How Much Space Do Degus Need?
Due to their active and exploratory nature, degus require quite a lot of space and a sufficiently large cage to be housed in. Generally, the larger, the better. But, a cage of at least 27″ (length) by 18″ (width) by 27-40″ (height) is advised as a minimum.
Degus can be kept in pairs, depending on the gender pairing, and it naturally follows that the two degus require a larger cage than if you are keeping one.
But either way, bigger is certainly better.
Better still is a multi-level cage.
These are often designed with ferrets and chinchillas in mind, but they afford degus sufficient space to roam, explore, and keep physically and mentally stimulated.
From an owner’s perspective, they are great too; because they take up less ground space in your home.
When looking for this type of cage, you need to ensure it is sufficiently sturdy, made out of appropriate materials, and it should also come with a roof.
Degus are prey animals in the wild, so they can become stressed with an open enclosure. Besides, there is always the risk of escape with an open cage too.
Similarly, adding hiding spots is advised for this very reason.
So, with these factors in mind, you should be looking at a cage just like this from Amazon.
In their cage, degus will commonly run around, climb and exercise.
In the wild, degus live in complex burrows, so you need to ensure that their living space is set up appropriately too.
Replicating these natural living conditions will go a long way to supporting their wellbeing.
If you intend on keeping two degus, you’ll notice that they are generally affectionate with one another and will sleep close and together.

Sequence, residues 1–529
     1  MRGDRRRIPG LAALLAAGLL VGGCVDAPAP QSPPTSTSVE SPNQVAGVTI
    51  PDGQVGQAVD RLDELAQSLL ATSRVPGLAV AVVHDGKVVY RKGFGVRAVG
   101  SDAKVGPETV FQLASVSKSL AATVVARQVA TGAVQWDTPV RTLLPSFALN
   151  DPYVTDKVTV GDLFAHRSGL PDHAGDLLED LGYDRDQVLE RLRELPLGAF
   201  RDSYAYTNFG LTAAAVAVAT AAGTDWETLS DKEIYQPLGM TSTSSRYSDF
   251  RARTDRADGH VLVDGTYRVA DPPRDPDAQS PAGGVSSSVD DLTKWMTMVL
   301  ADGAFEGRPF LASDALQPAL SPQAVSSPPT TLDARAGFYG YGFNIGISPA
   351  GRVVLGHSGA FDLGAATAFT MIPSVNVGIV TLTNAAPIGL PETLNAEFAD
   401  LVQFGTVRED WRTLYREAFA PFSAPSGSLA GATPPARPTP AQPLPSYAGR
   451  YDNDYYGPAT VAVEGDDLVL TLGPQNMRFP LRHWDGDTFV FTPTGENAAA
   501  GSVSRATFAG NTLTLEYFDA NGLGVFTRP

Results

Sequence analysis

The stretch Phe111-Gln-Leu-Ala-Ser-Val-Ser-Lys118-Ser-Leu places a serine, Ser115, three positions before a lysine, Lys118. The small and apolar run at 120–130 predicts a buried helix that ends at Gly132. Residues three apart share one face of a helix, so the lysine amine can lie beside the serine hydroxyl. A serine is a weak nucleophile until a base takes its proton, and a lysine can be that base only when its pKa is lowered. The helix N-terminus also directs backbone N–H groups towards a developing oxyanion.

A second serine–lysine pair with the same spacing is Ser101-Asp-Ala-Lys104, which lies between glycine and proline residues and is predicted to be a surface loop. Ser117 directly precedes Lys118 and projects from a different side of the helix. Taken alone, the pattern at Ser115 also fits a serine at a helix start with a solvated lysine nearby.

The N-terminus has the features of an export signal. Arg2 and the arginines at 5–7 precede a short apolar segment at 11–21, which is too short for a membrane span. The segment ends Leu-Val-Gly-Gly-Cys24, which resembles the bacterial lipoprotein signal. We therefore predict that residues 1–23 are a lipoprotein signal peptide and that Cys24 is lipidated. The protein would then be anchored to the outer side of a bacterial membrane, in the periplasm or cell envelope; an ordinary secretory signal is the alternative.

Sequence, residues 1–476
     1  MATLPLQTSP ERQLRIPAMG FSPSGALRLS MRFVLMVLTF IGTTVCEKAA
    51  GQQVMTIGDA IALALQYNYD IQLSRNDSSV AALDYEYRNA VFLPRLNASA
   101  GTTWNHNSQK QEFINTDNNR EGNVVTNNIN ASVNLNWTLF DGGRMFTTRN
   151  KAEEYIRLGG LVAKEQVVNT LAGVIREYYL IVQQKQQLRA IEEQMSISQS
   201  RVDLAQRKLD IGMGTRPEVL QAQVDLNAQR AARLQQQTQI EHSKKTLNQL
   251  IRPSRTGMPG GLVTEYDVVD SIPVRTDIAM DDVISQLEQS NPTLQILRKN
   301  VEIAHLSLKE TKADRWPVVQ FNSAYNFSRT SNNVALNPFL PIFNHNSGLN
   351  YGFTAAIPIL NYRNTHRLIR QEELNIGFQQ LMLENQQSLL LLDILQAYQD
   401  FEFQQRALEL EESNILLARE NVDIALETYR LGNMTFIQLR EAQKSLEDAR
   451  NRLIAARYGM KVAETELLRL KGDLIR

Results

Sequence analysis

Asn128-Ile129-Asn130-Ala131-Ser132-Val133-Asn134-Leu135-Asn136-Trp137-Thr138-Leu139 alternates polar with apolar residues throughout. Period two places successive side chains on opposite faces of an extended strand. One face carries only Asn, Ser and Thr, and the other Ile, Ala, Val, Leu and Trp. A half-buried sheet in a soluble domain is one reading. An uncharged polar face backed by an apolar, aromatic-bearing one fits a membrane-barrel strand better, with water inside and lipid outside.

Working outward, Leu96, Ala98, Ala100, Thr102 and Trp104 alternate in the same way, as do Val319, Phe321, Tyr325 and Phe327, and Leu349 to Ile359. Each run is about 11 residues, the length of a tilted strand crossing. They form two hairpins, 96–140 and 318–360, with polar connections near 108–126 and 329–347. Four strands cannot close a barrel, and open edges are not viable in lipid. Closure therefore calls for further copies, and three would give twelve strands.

Thus, the cage will also need to have a comfortable area to sleep, which sufficient space to relax.
Nesting boxes are often advised, as they provide a replication of a burrow environment. The material of such a nest box is essential too; wood can be gnawed and cardboard destroyed.
When it comes to the cage, it should be kept hygienic by being lined with a soft litter substrate that can absorb waste and moisture.
There are various options when it comes to bedding, with some much better than others. Some should be avoided altogether such as cedarwood chips and sawdust.
Of course, you should provide plenty of safe and approved toys (as they chew) and dust baths to bathe in too.
Other than the space inside the cage, it would be best if you looked to let your degus out every day for some additional exercise.
It is advised to do so for a minimum of 30 minutes per day, preferably in the morning or evening when they are naturally most active.
When you do so, it is essential that the area has been ‘degu-proofed’; with all potential hazards being removed.
They should not have any access to wires or anything that they can chew on and should be closely monitored at all times.
If you can keep them in a concealed and contained hallway, this could work.
Otherwise, put them in a playpen.
This one on Amazon is fantastic because you can make it as big or small or adapt the shape as you see fit.
Degus are certainly not the largest rodent you could look to own as a pet, but this does not mean that they do not need much space.
Quite the opposite.
These are busy creatures who thrive on the ability to play and explore.
So, if you do decide to get one; investing in a large, multi-tiered cage is going to be one of the best investments you make.
Along with a playpen, you will be able to meet their needs.
Thankfully, due to their smaller size and loving temperament, degus can be routinely interacted with.
You can hold and play with them, so long as you do so safely and correctly, and they are an excellent fit for children too.
I am an experienced pet owner with decades of experience owning a number of different pets, from traditional pets like dogs and cats, to the more exotic like reptiles and rodents. I currently own a Cockapoo (pictured) called Bailey. I am also the main writer and chief editor here at Pet Educate; a site dedicated to sharing evidence-based insights and guidance, based on my vast pet ownership knowledge, experience, and extensive research.